ToneStone is a music production app from the creators of Guitar Hero and Left 4 Dead

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ToneStone is an application designed to make music production easier even for users without any musical experience, and it was created by people who have worked on Guitar Hero and left for dead. Even though the app is officially announced today, it is still in closed beta and there is a waiting list for those who want to try it out. As a music production enthusiast, ToneStone’s interface and gameplay features sound a lot like my kind of jam, from the videos I’ve seen of the app and my conversation with founder Greg LoPiccolo.

If you’ve never heard of LoPiccolo, you’ve probably heard of games he helped create. He worked at Harmonix, the studio that made music-based games like Rock band and Guitar Hero. Another ToneStone founder is Tom Leonard, who has some of Valve’s biggest hits, like left for dead and Half Life 2, registered on his LinkedIn. LoPiccolo said ToneStone’s mission is to “enable a global community to create and share music”, which he considers a “basic human need that everyone wants”.

In an effort to make music production user-friendly for novices, ToneStone uses a system of loops and decks. Think of loops as the building blocks of a song – they can be used to add drums, synths, strings, and more. The loops are then organized into decks, which represent different musical genres like synthwave, trap or pop. ToneStone has built-in preset decks, but you can also create your own and even add your own sounds or recordings as loops.

This video tutorial illustrates what the music creation process looks like in the app.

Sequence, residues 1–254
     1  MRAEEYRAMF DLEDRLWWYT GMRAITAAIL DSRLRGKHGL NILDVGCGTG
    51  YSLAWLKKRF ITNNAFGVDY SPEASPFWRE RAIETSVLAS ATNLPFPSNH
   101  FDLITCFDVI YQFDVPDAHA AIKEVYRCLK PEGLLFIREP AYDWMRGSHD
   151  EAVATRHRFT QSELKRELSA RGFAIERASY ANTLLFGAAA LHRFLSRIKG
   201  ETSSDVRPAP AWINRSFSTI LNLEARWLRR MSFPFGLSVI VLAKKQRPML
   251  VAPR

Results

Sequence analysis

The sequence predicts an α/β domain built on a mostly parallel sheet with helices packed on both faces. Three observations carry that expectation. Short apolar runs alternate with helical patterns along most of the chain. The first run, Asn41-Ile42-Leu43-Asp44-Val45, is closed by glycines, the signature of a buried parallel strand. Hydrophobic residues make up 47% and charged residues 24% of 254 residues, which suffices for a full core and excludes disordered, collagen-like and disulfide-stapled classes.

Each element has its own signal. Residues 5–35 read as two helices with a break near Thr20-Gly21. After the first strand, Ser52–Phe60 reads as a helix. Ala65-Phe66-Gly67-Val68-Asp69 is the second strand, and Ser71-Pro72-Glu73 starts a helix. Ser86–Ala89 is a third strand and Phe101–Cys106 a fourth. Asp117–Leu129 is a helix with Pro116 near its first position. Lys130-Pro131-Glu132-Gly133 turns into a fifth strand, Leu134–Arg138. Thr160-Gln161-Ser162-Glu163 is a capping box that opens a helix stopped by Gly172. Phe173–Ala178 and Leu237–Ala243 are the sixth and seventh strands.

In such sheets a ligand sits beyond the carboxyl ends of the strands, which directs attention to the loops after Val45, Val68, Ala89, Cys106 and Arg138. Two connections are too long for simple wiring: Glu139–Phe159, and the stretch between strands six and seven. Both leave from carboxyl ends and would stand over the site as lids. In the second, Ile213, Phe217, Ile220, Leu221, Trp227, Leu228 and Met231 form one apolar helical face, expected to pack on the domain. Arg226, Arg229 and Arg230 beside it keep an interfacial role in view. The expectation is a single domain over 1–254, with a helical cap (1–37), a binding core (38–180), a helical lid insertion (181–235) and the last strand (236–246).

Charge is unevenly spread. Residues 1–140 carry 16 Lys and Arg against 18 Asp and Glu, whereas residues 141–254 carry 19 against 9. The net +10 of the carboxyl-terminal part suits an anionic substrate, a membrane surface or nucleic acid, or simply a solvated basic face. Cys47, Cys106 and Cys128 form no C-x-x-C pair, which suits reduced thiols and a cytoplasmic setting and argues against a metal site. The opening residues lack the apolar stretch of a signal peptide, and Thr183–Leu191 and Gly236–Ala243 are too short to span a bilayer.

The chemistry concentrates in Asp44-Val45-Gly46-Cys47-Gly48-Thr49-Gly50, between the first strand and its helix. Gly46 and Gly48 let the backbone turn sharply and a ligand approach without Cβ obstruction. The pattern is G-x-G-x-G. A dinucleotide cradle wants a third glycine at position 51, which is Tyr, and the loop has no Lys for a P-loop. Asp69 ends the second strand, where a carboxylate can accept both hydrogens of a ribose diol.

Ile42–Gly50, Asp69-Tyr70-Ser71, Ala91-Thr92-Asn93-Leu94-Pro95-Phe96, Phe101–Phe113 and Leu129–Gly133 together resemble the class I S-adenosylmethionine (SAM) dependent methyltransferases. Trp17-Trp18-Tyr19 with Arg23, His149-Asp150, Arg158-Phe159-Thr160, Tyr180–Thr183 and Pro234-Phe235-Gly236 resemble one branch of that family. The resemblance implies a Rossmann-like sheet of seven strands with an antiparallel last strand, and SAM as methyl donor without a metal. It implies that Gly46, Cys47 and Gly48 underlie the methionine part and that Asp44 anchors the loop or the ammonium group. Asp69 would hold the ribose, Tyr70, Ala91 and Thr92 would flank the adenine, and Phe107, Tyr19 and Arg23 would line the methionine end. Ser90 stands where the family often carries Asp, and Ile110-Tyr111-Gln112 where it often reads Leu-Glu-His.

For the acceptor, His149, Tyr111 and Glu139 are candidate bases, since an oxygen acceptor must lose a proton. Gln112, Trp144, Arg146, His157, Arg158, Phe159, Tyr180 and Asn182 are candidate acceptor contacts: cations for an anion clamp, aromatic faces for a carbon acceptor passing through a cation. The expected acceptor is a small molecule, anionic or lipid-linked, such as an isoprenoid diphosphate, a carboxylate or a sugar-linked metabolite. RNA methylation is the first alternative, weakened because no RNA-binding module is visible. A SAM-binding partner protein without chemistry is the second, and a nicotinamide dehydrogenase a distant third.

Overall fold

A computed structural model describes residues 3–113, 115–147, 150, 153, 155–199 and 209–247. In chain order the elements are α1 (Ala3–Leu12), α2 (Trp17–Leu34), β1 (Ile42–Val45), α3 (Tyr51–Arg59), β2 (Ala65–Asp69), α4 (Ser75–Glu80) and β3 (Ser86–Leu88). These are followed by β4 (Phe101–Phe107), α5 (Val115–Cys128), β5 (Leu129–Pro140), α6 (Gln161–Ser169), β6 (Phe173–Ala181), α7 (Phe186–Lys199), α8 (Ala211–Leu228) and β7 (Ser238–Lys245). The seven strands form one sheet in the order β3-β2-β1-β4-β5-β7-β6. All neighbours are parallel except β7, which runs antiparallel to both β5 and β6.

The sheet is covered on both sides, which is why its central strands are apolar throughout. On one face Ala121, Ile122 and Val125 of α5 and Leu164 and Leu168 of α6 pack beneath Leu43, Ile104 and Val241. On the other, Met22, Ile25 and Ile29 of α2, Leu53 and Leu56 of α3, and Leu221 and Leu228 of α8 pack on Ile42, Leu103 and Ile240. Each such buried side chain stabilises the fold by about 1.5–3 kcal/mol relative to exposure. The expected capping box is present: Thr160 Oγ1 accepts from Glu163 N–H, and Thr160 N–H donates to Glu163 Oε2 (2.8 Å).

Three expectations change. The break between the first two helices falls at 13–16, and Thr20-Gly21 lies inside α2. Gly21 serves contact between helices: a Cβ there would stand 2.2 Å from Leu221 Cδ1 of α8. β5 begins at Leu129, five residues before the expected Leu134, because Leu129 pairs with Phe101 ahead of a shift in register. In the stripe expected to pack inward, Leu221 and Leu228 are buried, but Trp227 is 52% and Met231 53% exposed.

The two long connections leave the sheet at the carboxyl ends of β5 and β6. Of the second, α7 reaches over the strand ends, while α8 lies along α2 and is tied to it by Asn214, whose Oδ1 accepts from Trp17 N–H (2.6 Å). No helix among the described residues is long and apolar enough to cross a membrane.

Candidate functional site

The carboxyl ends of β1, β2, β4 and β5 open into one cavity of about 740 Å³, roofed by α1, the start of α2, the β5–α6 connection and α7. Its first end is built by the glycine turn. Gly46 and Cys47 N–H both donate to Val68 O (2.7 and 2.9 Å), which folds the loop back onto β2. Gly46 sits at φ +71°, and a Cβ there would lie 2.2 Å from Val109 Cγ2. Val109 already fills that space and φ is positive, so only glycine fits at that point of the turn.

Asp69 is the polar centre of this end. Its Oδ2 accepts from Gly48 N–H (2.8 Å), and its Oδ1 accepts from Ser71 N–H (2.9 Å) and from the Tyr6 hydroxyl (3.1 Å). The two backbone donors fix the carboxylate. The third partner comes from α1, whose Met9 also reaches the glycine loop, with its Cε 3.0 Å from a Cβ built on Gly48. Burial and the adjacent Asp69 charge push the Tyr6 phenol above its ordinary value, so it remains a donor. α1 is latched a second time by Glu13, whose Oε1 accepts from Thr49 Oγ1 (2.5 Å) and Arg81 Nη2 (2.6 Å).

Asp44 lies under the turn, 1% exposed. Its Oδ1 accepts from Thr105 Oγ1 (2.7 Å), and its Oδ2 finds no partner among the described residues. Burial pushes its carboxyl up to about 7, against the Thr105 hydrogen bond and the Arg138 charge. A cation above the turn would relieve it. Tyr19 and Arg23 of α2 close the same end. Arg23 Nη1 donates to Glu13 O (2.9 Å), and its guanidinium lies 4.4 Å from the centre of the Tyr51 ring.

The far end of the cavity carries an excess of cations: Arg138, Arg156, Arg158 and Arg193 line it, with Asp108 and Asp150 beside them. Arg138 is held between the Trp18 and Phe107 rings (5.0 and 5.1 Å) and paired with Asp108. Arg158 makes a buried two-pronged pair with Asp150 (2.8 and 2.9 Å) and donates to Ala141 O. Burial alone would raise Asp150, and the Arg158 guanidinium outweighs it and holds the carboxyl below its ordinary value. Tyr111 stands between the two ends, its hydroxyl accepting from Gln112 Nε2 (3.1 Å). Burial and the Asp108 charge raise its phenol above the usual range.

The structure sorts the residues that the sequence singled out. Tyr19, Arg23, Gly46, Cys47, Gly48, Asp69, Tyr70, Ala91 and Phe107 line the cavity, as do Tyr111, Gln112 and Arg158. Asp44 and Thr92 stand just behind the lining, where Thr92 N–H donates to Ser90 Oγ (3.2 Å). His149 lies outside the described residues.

The team behind ToneStone also hopes that it will act as a sort of social music-making platform, making it easier to share your music and remix songs that others have created (at the moment most shares are done on Discord). There have been other games that allow users to make music, but it’s hard to navigate between too complex for beginners and too simple.

Remixing another ToneStone user’s song (which are currently shared in Discord) gives you access to the entire project file, or as LoPiccolo put it, music DNA, allowing you to really change things from the original. You can also share any songs you have created by exporting them as an MP3 file and uploading them to services like SoundCloud.

With founders who have years of experience building games, it’s no surprise that ToneStone has game elements. LoPiccolo told me that the tutorials, which are meant to teach the basics of software and music composition, are slightly gamified. He also talked about the similarities between building a deck of loops and building a deck of cards in games like Foyer Where Magic: the gathering – there are built-in decks too, but the real fun comes when you start creating your own.

LoPiccolo told me that the team has “some, I dare say, game-changing ideas” that are currently in development, which would “allow people to make musical decisions, to write and perform music like gameplay”. While it’s unclear what the actual gameplay will look like, the idea is to give the player enough decisions to put them into a rhythm, much like what can happen when playing more traditional games like Call of Duty. The difference would be that at the end you would have a musical creation.